Followers of rapture evangelist lost millions

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It looks like they'll have to make those credit card payments after all.

Followers of Harold Camping, a fringe evangelical radio minister, believed him when he said that the Rapture would begin May 21. According to Christian theology (the fringe kind), during the Rapture, Jesus will take the best Christians (Camping's followers all assumed they were part of this group) to Heaven, while the rest of the world begins a series of earthquakes and other natural disasters, and then goes on to be destroyed sometime in October.

Unfortunately for them, and luckily for those of us who are less righteous, May 21 came and went without a terrible cataclysm, the return of Jesus or the disappearance of a few million believers (at least not that anyone noticed).

Camping today feigned surprise that he was wrong about his prediction, telling Reuters that he was "flabbergasted" by the continued existence of the Earth.

Still, it can't be that big of a deal for Camping. First, he's been wrong before. This is his second prediction of the Rapture: the first was in the 1990s, which, just like this one, failed to materialize. Even then, before the rise of the Internet, he was able to get his message far and wide via his Family Radio network, and the remnants of fliers announcing the first failed Rapture still adorn street posts in cities across America.

In addition, while Camping was wrong spiritually, he is stilling doing well in the material world. After all, Rapture prediction is big business, at least for Camping, and his organization reportedly raked in more $80 million in the three years preceding the most recent May 21. This is on top of the millions the group received in the lead up to the 1992 non-Rapture and the tens of millions of dollars they raised since Camping founded the radio network in the 1950s.

"I find myself irritated by the light-hearted, jocular way in which these matters are treated by the media," biologist Richard Dawkins wrote on his website, referring to a clip from CBS. "If I were an American journalist, I would be out for blood: at very least I would be campaigning to strip these charlatans of their tax-exempt status. Yet the media treat it as a bit of jolly fun."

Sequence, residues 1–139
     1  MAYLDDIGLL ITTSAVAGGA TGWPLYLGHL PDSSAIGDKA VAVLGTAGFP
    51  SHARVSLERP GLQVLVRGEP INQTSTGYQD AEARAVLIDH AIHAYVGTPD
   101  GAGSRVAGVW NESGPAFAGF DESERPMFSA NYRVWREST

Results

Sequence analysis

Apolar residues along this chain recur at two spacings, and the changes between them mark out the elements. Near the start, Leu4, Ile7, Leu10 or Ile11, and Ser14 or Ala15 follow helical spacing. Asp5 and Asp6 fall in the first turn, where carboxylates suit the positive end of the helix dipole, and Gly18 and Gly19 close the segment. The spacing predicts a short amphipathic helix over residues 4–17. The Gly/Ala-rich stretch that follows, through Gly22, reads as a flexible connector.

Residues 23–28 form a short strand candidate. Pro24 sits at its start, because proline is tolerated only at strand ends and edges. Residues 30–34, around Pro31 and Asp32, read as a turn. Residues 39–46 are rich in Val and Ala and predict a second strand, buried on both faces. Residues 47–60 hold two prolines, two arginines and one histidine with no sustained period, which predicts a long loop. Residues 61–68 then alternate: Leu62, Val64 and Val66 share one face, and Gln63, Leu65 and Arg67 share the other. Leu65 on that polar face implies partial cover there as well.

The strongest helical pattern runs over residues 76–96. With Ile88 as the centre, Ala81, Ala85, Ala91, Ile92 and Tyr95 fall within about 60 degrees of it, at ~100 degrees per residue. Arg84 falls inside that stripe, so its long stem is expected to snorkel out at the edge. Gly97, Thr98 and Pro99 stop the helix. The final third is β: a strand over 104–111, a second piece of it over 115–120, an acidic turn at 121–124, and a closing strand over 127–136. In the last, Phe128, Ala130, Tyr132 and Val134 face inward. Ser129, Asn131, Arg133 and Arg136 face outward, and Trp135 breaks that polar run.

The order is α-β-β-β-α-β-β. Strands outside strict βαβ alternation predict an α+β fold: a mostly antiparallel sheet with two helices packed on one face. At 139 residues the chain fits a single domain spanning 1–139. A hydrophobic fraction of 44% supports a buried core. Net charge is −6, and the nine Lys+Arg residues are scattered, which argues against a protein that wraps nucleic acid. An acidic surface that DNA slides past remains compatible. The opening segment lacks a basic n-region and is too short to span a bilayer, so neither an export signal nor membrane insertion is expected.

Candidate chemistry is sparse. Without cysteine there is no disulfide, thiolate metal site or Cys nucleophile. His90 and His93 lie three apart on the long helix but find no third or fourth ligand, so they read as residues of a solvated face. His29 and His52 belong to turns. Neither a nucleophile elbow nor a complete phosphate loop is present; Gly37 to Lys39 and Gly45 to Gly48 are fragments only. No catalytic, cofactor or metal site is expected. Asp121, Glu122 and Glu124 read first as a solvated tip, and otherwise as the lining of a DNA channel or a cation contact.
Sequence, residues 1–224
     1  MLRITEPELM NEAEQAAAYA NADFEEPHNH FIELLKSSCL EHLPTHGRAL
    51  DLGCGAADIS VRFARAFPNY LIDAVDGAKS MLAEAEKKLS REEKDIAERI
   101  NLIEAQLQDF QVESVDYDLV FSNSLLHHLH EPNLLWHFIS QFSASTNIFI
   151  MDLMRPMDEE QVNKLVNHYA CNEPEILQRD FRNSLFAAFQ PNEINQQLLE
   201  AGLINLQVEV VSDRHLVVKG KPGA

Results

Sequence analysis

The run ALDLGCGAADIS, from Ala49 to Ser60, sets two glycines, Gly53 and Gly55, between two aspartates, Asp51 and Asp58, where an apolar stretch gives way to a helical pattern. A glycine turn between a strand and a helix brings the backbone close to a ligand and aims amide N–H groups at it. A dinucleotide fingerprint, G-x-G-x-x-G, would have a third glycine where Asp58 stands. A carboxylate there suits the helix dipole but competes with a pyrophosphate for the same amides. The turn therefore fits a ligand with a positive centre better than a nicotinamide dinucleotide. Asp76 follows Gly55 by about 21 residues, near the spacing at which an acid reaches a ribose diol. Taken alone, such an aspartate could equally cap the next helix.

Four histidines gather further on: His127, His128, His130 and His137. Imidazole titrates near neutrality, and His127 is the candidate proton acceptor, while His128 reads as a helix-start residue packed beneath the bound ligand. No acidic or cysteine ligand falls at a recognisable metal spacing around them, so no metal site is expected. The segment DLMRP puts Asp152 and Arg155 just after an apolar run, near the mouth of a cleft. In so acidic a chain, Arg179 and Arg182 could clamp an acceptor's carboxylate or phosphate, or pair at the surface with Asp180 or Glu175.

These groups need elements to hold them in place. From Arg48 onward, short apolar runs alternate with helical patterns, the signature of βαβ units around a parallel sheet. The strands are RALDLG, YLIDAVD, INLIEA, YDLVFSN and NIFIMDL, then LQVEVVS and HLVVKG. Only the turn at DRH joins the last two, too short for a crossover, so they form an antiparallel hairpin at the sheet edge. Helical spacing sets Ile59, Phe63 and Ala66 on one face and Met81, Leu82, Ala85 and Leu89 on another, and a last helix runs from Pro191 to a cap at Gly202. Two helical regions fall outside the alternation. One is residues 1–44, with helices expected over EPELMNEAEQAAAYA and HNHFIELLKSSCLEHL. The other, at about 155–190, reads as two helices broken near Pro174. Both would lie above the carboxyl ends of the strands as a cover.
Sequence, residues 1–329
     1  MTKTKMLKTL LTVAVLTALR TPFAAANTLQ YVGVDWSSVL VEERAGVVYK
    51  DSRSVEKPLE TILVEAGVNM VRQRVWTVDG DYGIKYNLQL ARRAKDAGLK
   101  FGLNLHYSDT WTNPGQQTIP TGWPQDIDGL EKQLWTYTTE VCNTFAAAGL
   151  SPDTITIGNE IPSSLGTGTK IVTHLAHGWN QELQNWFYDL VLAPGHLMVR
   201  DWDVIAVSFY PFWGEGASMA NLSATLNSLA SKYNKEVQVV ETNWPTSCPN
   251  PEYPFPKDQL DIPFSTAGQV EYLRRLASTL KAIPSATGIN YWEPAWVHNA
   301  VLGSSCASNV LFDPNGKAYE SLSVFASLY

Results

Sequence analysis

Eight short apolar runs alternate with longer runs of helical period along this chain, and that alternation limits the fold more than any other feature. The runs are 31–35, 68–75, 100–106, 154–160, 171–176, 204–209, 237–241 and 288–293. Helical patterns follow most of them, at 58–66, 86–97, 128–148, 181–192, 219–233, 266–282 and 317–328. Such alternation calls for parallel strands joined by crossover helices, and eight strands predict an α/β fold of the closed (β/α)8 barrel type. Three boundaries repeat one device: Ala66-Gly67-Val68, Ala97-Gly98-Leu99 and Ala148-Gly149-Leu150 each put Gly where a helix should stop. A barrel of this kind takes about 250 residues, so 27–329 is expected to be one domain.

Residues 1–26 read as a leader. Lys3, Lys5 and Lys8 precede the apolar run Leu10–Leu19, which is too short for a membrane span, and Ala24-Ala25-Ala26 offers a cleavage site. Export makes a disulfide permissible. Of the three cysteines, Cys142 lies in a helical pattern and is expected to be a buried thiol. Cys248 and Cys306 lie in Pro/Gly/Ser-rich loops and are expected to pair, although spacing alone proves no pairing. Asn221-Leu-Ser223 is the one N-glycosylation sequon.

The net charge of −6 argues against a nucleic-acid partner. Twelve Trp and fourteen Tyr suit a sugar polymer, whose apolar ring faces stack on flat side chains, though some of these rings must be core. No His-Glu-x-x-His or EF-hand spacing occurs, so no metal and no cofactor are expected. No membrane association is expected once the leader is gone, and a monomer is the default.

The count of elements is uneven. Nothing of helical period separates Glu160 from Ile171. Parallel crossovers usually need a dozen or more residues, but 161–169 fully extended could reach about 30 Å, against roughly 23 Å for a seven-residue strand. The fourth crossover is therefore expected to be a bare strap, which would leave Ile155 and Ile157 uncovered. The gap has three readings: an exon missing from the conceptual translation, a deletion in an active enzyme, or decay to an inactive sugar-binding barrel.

Indeed, as silly as Camping's story is, there is a dark side. His supporters did not fare so well as he did.

The Daily Mail reported on a New York City transit employee who spent his entire life's savings - $140,000 - advertising Camping's message. What will he do now?

NPR reported before the failed Rapture on 27-year-old Adrienne Martinez and her husband Joel. She had been planning on medical school, but, since the world was set to end, she quit her medical school plans; the couple both quit their jobs. They moved their infant daughter to a rented house in Orlando, and spent all their time - and savings - up to May 21 giving out Biblical tracts.

What the Martinezes are doing now is anyone's guess.

The millions of dollars Family Radio received came from Camping's devoted followers, many of whom put their life's savings into donations. While the charlatan evangelist is checking his equations - he claimed in 1994 that he made a mathematical error in determining when the Rapture would occur; no doubt he'll claim the same this time - while living a life of luxury, his followers awoke May 22 to find that they had distanced themselves from their friends, spent their life's savings, quit medical school, or done other such things - only to find that they now have to figure out how to navigate a world that is still here but, at least in their eyes, much less understandable.

And while the less charitable may be inclined to say that their circumstances are their own fault, surely the same can't be said of their children: A California mother tried to kill her 11- and 14-year-old daughters, so that they wouldn't have to deal with the end of the world. Luckily, her friends showed up and stopped her. While it's not clear that she was acting only at the behest of Camping, the timing of the attempted murders - May 20 - is hard to dismiss.

If there is a God of justice, it seems unlikely that He would look favorably on Camping. Perhaps the federal government shouldn't either.

Image: whatleydude // CC 2.0